Chino took out two thick square shaped sketchbooks and placed them between my soya bean milk and his ice lemon tea. The covers were yellow, slightly beaten. I opened one up; gem after gem appeared.
We chatted about what he did during the working holiday in Germany he was just coming back from – small installations and photographs he made for a hostel. I felt for him, the happiness in being able to exchange his talents in a right match. I felt fortunate to witness his youthful kind of pride.
Not many words marked our conversation, but an image of him gradually configured in my mind – a wandering body, looking downwards and sideways, looking for small stones as a daily routine.
For even more matching, I shared with Chino Tove Jansson’s short story “Stone” from The Winter Book. The story tells of a child finding a stone with shiny particles inside. The journey of pushing it home seemed to last forever. I wondered if Chino shared the child’s sense of discovery and adventure, but also anxiety, that someone else would find what he was looking for first.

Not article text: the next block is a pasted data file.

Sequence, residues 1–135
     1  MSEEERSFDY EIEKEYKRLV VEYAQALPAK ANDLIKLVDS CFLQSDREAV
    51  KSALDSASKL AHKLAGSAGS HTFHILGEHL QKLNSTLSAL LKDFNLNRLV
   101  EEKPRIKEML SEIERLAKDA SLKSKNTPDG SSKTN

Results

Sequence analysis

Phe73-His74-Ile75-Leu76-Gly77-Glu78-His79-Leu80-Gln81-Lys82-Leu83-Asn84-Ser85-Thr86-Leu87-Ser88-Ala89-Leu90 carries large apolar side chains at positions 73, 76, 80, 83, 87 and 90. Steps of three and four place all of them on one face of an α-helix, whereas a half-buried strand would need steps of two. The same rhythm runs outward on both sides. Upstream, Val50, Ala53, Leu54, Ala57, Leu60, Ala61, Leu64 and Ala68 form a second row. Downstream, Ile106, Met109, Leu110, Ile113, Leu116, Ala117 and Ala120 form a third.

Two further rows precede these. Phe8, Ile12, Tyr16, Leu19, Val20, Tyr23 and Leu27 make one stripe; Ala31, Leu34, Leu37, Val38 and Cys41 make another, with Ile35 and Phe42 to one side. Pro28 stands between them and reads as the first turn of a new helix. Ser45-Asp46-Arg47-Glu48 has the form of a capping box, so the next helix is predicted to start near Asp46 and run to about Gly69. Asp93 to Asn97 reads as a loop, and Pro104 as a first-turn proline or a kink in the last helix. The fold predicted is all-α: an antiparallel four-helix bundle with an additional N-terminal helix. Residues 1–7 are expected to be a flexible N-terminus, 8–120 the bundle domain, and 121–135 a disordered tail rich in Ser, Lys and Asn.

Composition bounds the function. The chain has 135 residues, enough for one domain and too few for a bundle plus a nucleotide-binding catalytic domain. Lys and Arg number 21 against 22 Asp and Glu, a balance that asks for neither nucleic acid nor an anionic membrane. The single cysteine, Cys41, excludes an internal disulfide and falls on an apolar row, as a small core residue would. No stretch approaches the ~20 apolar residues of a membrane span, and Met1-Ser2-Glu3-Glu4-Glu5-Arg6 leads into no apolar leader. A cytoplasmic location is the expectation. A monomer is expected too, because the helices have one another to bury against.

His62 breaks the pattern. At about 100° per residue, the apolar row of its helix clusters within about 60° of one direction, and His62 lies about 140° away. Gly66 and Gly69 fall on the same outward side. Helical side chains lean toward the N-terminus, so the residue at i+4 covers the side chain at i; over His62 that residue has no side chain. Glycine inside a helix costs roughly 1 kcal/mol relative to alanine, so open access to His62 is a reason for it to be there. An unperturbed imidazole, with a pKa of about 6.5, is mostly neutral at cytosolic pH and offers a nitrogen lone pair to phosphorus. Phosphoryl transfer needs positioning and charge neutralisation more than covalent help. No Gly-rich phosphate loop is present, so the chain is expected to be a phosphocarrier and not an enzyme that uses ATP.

May 19, 2016 (over email)
Y: Hello Chino, please forgive me for being super slow in this - way too busy!! Hope you have been doing well. I mentioned in our meeting last time about some questions I have for your stone project. Please feel free while responding to them. It's meant to be a chat for a better and broader understanding of your thinking (and the questions are not in any particular order...).
1. About 'translucence' and your interest in it must have come a long way and from multiple sources. What are the significant moments? What inspires you about it (including your fascination with 'reflective' surfaces)? How has the quality of translucence/ reflection affected the way you see things that are not naturally or immediately translucent?
2. Can you describe your process of identifying and/ or picking up a stone? (in as much detail as possible, eg. do you actively search? where? how? in what pace do you walk? etc.)